FAO’s José Graziano da Silva and the WHO’s Tedros Adhanom Ghebreyesus briefing the UN Security Council.
12 July 2017, Geneva – The scale of the food crisis in conflict-ridden Yemen is staggering with 17 million people – two thirds of the population – severely food insecure and seven million of these on the verge of famine, FAO Director-General José Graziano da Silva said today in a briefing to the UN Security Council.
In a video link from Geneva, he noted how conflict and violence in Yemen – “the largest humanitarian crisis today” – have disrupted agricultural livelihoods and are intensifying in some of the most food insecure and famine-risk areas.
The latest Integrated Food Security Phase Classification conducted in March this year, registered a 20 percent increase in the number of people estimated to be severely food insecure (IPC Phase 3 and above). Seven million are in IPC Phase 4 meaning they are a step away from being classified to be in Famine (IPC Phase 5).
In Yemen “crop production last year already fell by 40 percent compared with the pre-conflict average. This year, because of poor rains the harvest will be even lower,” he said.
The virtual collapse of public health and veterinary services has further heightened the risk of disease and death. In addition, there are risks in the use of poor quality water of irrigation and food preparation.
Livestock disease surveillance and vaccination programmes have come to a halt pushing the risk of disease outbreaks higher. The risk of emerging and endemic zoonoses (animal diseases) exists across the country.
Saving lives by saving livelihoods
The need for long-term political solutions for achieving sustainable peace in Yemen is unquestionable, but there is much we can do now to fight hunger and malnutrition. “We save lives by saving livelihoods,” Graziano da Silva said.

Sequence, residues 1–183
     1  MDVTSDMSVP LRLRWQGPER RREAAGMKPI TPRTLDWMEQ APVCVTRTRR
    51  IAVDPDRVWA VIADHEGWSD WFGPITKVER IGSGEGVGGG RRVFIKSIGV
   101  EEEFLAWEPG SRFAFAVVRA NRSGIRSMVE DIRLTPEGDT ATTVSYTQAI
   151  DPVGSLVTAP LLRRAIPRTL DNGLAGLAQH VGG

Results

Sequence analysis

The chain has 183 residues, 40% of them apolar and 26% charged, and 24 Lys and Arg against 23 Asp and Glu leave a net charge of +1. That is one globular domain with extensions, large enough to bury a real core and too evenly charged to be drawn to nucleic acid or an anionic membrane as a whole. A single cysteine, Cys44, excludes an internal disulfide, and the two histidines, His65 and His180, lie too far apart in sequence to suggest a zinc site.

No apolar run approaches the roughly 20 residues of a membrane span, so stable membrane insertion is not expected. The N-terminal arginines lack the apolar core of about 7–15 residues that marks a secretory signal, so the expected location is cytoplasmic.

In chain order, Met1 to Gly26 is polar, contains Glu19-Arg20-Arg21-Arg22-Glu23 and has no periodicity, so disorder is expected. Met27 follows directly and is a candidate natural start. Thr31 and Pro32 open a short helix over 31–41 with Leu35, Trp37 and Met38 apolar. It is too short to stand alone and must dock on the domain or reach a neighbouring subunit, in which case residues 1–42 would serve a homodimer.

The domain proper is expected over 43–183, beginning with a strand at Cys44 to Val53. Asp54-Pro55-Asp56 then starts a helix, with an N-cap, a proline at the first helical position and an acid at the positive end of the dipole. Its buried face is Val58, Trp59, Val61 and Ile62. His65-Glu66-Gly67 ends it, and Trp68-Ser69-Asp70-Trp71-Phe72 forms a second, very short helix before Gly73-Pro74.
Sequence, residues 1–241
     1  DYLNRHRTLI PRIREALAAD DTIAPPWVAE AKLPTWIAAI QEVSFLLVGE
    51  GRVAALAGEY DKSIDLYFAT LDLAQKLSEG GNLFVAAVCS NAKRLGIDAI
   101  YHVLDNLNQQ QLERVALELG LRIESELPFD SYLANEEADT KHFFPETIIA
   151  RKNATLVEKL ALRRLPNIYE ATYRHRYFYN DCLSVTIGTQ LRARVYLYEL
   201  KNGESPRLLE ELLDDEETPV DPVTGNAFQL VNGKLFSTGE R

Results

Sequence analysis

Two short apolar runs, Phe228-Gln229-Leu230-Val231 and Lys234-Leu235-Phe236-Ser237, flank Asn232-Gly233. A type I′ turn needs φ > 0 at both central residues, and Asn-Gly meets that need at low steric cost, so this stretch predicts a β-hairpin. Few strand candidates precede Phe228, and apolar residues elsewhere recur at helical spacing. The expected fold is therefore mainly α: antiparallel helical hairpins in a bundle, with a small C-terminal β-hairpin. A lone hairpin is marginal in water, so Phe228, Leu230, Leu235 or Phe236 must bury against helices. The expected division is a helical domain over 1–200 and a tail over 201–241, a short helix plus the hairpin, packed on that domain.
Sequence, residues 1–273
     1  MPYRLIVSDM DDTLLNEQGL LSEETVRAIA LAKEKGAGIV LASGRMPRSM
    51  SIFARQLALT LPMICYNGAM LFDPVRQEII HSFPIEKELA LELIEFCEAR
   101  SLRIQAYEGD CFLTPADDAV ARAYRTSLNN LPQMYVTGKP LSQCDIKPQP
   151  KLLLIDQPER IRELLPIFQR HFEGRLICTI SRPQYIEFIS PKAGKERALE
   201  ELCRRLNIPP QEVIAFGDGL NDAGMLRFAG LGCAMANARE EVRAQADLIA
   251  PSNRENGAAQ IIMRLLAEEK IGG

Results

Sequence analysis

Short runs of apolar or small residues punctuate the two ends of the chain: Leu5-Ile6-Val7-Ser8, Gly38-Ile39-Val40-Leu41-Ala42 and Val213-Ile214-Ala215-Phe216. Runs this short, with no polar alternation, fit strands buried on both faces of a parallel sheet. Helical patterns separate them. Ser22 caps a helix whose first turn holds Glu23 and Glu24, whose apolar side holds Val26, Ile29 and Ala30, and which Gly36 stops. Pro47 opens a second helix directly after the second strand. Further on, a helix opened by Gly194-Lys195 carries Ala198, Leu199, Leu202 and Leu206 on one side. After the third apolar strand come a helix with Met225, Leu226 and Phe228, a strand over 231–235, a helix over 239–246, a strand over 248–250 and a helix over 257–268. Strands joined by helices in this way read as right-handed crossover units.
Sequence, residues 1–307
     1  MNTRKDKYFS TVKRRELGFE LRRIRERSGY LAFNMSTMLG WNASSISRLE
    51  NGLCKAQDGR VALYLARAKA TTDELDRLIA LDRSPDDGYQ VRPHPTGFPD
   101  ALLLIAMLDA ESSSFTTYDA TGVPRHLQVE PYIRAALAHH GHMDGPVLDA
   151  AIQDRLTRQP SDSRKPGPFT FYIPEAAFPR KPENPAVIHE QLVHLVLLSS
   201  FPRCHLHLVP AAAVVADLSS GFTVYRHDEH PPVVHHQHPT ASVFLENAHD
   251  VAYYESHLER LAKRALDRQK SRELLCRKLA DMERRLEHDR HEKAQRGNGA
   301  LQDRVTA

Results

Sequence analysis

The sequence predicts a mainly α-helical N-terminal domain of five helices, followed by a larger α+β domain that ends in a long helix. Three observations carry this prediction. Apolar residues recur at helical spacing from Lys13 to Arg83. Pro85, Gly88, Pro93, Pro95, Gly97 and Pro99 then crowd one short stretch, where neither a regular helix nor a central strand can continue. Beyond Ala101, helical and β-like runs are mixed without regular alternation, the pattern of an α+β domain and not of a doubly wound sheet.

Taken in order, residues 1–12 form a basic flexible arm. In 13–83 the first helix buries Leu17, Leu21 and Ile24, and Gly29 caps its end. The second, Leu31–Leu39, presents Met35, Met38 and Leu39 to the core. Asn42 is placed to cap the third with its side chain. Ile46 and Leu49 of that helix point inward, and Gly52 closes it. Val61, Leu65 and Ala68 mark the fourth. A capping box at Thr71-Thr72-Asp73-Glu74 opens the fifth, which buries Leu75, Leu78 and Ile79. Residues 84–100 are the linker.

“If we don’t urgently address the needs of rural people – who make up 70 percent of Yemen’s population – we will not have the prospect for a better future.”
Graziano da Silva addressed the UN Security Council together with the World Health Organization Director-General Tedros Adhanom Ghebreyesus.
FAO is doing its best to respond to the crisis on many fronts and with limited funding. So far this year, FAO has reached 450 000 people with a mixture of animal health, dairy, animal feed, crop and vegetable production.
In Yemen, at a cost of $220 per family, a crop kit can yield enough food for about three months. A vegetable kit costing $80 per family can yield enough vegetables that families can eat and even sell to their communities all year long.
FAO is working closely with the World Bank, the World Food Programme (WFP), the United Nations Children’s Fund (UNICEF) and others to increase food production, maintain and enhance livelihoods, protect public health and conduct the IPC analysis.